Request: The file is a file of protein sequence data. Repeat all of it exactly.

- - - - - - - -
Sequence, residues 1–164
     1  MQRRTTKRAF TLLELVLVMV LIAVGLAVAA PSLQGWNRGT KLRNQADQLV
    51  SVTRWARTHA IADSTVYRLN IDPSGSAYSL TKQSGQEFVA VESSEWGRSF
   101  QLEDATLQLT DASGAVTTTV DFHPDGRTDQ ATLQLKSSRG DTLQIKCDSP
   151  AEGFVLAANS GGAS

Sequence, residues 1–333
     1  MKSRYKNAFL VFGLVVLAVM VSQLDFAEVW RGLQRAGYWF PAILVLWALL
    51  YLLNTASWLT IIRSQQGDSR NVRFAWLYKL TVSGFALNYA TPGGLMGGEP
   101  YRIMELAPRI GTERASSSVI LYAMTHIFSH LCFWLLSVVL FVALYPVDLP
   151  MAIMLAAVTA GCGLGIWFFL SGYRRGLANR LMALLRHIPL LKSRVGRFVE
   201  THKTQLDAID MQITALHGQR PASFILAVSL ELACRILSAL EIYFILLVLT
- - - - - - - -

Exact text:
Sequence, residues 1–164
     1  MQRRTTKRAF TLLELVLVMV LIAVGLAVAA PSLQGWNRGT KLRNQADQLV
    51  SVTRWARTHA IADSTVYRLN IDPSGSAYSL TKQSGQEFVA VESSEWGRSF
   101  QLEDATLQLT DASGAVTTTV DFHPDGRTDQ ATLQLKSSRG DTLQIKCDSP
   151  AEGFVLAANS GGAS

Sequence, residues 1–333
     1  MKSRYKNAFL VFGLVVLAVM VSQLDFAEVW RGLQRAGYWF PAILVLWALL
    51  YLLNTASWLT IIRSQQGDSR NVRFAWLYKL TVSGFALNYA TPGGLMGGEP
   101  YRIMELAPRI GTERASSSVI LYAMTHIFSH LCFWLLSVVL FVALYPVDLP
   151  MAIMLAAVTA GCGLGIWFFL SGYRRGLANR LMALLRHIPL LKSRVGRFVE
   201  THKTQLDAID MQITALHGQR PASFILAVSL ELACRILSAL EIYFILLVLT